These features combine to provide much needed capabilities to data science and data engineering teams, and whoever else might have use for them. In particular
- collaboration becomes a first class consideration, with the ability for potentially hundreds of users to edit a dataset concurrently and robustly combine the results
- experiments and their results become completely reproducible by associating runs with a commit hash of the input data and result set
- distribution is transformed from a headache of parsing and loading various data formats which do not provide type guarantees to simply executing
In summary, we believe that version control databases can enable teams with powerful capabilities that they would otherwise have to invest considerable engineering resources in building and maintaining on top of existing database solutions.
Examples of Version Controlled Databases
If you've gotten to this point, it's likely that you are at least curious about what the landscape of products in this category of databases looks like. Naturally there are options other than Dolt, and for some use-cases those options might be the best fit.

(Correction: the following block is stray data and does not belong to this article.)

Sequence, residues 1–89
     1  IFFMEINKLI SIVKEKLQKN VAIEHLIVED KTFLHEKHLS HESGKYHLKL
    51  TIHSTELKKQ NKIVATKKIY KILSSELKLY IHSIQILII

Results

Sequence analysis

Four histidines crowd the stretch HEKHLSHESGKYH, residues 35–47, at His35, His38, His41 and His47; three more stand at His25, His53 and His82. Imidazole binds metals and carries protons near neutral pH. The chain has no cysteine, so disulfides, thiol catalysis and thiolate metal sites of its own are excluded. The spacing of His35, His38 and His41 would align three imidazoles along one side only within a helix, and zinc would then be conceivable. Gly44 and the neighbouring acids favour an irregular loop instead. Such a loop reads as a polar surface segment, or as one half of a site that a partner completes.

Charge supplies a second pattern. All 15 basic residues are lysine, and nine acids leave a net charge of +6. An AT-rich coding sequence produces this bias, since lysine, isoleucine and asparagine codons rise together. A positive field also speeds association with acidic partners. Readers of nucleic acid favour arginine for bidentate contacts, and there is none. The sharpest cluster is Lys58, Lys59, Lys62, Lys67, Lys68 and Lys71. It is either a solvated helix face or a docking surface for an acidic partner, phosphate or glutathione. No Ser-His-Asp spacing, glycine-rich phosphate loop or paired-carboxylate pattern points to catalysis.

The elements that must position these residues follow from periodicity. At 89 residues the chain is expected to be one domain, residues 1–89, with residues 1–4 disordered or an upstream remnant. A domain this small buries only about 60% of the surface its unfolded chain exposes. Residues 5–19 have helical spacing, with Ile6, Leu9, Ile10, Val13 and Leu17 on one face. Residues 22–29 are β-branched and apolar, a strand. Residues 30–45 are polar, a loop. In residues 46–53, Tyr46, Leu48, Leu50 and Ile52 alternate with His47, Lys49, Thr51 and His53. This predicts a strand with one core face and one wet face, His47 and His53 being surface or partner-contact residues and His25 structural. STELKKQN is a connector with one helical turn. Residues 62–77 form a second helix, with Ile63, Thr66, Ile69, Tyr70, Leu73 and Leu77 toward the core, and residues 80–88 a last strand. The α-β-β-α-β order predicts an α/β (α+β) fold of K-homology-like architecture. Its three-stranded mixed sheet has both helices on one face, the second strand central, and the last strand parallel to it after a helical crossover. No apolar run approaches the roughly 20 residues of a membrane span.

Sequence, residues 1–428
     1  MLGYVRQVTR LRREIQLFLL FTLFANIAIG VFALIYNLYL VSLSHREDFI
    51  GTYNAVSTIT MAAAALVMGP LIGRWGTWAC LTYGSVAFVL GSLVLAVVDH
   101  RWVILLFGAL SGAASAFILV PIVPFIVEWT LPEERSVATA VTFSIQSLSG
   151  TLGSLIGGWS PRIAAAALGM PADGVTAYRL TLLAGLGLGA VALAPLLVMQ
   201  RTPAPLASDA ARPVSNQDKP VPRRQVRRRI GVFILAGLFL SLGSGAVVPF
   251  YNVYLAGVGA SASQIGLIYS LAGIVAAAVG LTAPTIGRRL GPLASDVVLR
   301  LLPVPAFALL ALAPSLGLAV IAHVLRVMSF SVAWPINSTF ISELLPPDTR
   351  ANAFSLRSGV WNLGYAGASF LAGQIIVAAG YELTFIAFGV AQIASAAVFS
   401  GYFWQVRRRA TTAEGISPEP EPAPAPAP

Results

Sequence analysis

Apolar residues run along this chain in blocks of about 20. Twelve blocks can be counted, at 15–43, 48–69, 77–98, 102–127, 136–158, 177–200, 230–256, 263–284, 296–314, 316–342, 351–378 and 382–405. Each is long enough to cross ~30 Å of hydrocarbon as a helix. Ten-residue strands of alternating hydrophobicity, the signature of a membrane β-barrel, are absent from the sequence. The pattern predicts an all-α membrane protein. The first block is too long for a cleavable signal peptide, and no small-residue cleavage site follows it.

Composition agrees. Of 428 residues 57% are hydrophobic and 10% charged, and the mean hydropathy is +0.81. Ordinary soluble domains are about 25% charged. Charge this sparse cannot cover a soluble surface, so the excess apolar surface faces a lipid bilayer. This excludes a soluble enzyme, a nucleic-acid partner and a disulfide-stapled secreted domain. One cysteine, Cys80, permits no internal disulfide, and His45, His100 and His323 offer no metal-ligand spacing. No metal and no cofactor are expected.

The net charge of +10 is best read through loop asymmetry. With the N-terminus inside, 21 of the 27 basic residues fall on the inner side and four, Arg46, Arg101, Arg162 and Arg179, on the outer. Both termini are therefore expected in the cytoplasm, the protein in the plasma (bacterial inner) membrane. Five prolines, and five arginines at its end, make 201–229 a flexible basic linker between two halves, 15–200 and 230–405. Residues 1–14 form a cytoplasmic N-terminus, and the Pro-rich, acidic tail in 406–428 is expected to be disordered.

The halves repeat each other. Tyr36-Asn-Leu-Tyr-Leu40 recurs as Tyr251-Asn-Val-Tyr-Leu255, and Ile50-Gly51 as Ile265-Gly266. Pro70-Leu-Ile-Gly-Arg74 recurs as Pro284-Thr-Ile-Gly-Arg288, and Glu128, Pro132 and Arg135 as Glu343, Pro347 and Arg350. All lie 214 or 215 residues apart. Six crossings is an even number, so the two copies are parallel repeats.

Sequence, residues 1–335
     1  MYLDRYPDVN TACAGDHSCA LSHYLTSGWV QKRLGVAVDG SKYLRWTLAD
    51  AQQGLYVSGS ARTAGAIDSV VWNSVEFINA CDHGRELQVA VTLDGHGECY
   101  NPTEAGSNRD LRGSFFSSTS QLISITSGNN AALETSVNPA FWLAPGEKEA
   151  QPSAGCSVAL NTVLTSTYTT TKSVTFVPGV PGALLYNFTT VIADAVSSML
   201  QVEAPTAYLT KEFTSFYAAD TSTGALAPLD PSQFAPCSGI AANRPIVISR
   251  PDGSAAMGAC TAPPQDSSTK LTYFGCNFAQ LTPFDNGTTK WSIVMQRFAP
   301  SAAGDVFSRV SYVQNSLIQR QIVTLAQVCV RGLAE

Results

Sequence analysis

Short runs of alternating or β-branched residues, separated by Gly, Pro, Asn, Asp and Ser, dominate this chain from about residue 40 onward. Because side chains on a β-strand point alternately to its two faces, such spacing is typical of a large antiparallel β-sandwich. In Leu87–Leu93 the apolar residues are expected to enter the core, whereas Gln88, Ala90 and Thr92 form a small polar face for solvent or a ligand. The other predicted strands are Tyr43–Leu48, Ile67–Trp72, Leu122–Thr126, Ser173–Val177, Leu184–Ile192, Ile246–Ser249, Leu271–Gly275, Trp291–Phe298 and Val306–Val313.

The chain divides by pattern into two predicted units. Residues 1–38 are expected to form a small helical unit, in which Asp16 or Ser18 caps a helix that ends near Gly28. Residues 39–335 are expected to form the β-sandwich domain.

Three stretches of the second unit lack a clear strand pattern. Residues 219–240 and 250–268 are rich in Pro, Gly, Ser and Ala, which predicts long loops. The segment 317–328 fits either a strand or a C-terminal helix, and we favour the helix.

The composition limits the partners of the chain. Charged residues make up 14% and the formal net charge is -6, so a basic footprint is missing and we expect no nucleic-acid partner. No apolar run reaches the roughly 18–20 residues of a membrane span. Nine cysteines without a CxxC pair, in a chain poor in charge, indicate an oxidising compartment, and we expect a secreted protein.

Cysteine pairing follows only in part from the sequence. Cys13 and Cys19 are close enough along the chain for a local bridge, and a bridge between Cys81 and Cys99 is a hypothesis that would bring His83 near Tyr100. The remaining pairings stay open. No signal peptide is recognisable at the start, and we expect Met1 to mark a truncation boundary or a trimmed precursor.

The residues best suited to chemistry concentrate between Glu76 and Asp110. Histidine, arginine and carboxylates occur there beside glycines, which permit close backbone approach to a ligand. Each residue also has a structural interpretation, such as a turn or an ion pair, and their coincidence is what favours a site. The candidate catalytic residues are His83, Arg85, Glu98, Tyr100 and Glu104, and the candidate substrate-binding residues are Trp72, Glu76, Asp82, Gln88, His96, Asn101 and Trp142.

TerminusDB is a graph database, which means that data is described and queried in terms of graph data structures. It implements its own query language. TerminusDB is inspired by Git, and supports branching, merging and diffing in a Git-like interface.
Dolt is built on top of Noms. Noms is a Git-like distributed database that provides storage for structured objects defined by Go structs. Noms provides versioning and synchronization primitives for both the object definitions themselves, and values those objects take on. Users interact with Noms via Go code.
Irmin is a storage layer agnostic database inspired by Git, and written in O'Caml. Users define objects in O'Caml that can then be stored using Git-like semantics. It is quite similar in spirit to Noms, but instead of Go structs, users describe, create, and update their data in O'Caml code.